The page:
The British Museum, London
19 May – 27 October 2016
by EMILY SPICER
For centuries, two cities lay lost beneath the waves, known only from ancient texts and Greek mythology. Helen of Troy and her lover Paris are said to have fled the jealous Menelaus to the Canopic mouth of the Nile where these two ports once rose out of the sea as Venice does today. But like Venice, they were built on unstable foundations and eventually sank out of sight, a process expedited by a series of earthquakes and tidal waves. And so the physical remnants of Thonis-Heracleion and Canopus remained obscure for almost 1,500 years.
Sightings by a Royal Air Force plane surveying the region in 1933 triggered some initial investigations, but it was not until 1996 that an underwater survey by the European Institute for Underwater Archaeology (IEASM) revealed solid evidence. In the 20 years that have followed, tantalising finds and revealing inscriptions have started to give up the secrets of these submerged cities.
Thonis-Heracleion and Canopus were thriving thoroughfares, gateways to the Nile from the Mediterranean. They were founded before the Greek “liberation” of Egypt from the Persians in 332BC, but it was that event, and the subsequent Ptolemaic dynasty, that is the main focus of the exhibition. It is not difficult to understand why. The centuries following the Greek conqueror Alexander the Great were a fascinating time in Egypt, a fact borne out by references to the incestuous and murderous Ptolemys, the passions of Antony and Cleopatra and the tragedy of the Roman emperor Hadrian’s ill-fated Greek lover Antinous.
When Alexander the Great died, the rule of Egypt was handed to his general, Ptolemy, who became a de facto pharaoh. So started the Ptolemaic period in ancient Egypt. The vast Egyptian temples and comprehensive pantheon of gods echoed the Greek’s own modus vivendi and just as Alexander the Great had embraced Egypt’s traditions, so too did the Ptolemaic rulers that followed. Their colossal statues look unmistakably Egyptian, from their royal dress to their stoic, striding stance.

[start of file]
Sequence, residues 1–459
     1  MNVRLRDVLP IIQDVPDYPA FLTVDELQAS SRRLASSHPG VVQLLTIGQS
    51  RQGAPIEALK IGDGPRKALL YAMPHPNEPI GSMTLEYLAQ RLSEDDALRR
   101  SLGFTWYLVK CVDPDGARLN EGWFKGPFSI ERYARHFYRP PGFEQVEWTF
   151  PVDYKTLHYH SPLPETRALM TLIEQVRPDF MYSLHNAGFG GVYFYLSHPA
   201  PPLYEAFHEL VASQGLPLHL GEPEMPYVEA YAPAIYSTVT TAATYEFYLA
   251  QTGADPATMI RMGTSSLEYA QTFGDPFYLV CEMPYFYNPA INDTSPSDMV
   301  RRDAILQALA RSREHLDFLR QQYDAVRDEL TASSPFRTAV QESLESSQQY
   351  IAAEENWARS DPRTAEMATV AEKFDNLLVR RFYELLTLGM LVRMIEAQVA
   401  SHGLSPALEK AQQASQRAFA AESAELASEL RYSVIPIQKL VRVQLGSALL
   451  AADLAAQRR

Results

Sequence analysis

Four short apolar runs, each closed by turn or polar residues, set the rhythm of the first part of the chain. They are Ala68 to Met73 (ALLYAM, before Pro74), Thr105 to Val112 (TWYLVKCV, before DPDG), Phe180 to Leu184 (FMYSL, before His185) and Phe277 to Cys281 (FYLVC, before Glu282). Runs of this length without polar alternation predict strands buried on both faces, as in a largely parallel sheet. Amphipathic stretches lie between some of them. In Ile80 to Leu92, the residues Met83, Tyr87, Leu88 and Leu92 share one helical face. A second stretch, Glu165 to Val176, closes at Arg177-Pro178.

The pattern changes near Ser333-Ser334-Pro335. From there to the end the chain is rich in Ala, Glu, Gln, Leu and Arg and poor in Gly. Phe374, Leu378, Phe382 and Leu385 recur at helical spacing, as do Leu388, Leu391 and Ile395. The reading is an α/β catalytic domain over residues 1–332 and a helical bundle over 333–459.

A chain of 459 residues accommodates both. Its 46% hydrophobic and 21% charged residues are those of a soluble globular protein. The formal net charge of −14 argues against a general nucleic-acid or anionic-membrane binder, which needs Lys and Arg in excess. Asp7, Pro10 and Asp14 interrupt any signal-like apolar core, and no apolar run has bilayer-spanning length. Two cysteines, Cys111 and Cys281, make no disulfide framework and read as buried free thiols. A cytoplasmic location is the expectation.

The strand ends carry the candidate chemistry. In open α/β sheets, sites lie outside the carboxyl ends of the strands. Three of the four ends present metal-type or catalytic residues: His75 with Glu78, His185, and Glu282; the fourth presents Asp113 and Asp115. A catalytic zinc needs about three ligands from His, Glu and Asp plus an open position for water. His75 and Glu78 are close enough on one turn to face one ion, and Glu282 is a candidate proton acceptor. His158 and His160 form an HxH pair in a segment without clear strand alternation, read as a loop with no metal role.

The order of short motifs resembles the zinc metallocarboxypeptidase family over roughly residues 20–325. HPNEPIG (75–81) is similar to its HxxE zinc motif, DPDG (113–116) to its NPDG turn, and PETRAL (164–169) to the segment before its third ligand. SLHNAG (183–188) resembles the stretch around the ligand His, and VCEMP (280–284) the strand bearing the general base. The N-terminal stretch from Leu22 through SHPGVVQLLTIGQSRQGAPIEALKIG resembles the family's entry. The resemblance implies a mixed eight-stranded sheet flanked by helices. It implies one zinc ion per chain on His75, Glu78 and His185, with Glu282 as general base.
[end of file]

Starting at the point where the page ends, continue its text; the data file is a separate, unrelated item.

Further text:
The hybrid of Greek and Roman conventions reaches a pinnacle in a stunning statue of Arsinoe II, sister and wife of Ptolemy II. Sadly only the torso and legs have survived, but this cult figure from Canopus beautifully demonstrates the dignified aspect of an Egyptian queen draped in the transparent fabric of Hellenistic Greek statuary, which clings revealingly to her idealised form. She is Isis and Aphrodite sublimely rolled into one.
While not all the finds in the exhibition were excavated from Thonis-Heracleion and Canopus, they do add to the story. Many come from the nearby city of Alexandria, which eventually eclipsed Canopus as Egypt’s main seaport. One such artefact is a majestic Apis bull with a sun disk displayed between its horns. He is a handsome fellow, perfectly proportioned and as fresh looking as the day he was made.
This exhibition is remarkable not just for the provenance of so many of the items on display, but for the stories they tell about the lure of Egypt throughout the classical world. Much is made of Osiris, god of the underworld, and the celebration of his Mysteries, which included the procession of torch-lit barges along the Nile. It was during one such occasion that Hadrian’s lover Antinous drowned. Antinous was subsequently deified and venerated as the god Antinous-Osiris and a city was built in his name at the site of his death. A small statuette depicting the tragic youth in traditional royal Egyptian dress is displayed near the end of the exhibition.
While the narrative of liberation, cultural respect and religious tolerance seems a little forced – and perhaps rose-tinted by our modern sensibilities – it is clear that this part of the Nile was a very special place. Throughout the exhibition eerie footage of divers shining their torches on the ancient stone faces of gods and pharaohs drive home the incredible sense of discovery surrounding these cities and their colourful pasts. But archaeologists have only scratched the surface. There is much more left to discover.